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Right on Crime | September 11, 2012
Madison, Wisconsin, the state’s capital, is also home to a newly launched DUI court. One of the burgeoning types of “accountability courts,” recently mentioned and endorsed in the national Republican Party platform, these courts target underlying issues like drugs, alcohol, or mental health in an attempt to halt the cycle of criminality.
In Madison, the DUI court is very new—only 50 participants thus far. But in the year that those 50 participants have been involved in the DUI court, not a single participant has been caught drinking and driving again.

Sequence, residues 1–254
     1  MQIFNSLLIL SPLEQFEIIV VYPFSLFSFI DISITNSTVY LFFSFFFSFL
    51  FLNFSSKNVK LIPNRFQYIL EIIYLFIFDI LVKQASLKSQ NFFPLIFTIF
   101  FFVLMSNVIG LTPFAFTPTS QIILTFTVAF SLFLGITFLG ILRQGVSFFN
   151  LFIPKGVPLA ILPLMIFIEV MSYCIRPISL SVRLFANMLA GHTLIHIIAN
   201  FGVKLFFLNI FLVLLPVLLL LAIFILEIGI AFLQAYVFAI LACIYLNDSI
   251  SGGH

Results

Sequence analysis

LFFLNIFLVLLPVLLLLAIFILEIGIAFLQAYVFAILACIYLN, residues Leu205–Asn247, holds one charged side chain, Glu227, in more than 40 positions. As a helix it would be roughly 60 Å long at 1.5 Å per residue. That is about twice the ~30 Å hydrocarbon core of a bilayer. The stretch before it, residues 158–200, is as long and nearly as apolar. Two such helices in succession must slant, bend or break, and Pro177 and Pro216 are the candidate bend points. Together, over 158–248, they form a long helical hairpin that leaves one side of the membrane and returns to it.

And that’s significant, as these participants are quite serious DUI offenders—they’ve racked up three offenses, and have driven with a blood alcohol level of twice the legal limit. So even though early, a year without another offense is significant. (However, four have missed meetings or some other technical violation.)
The DUI court achieved this through the use of strict alcohol monitoring and testing, as well as alcohol treatment. Further evaluations will be forthcoming, but these early results are a positive first note.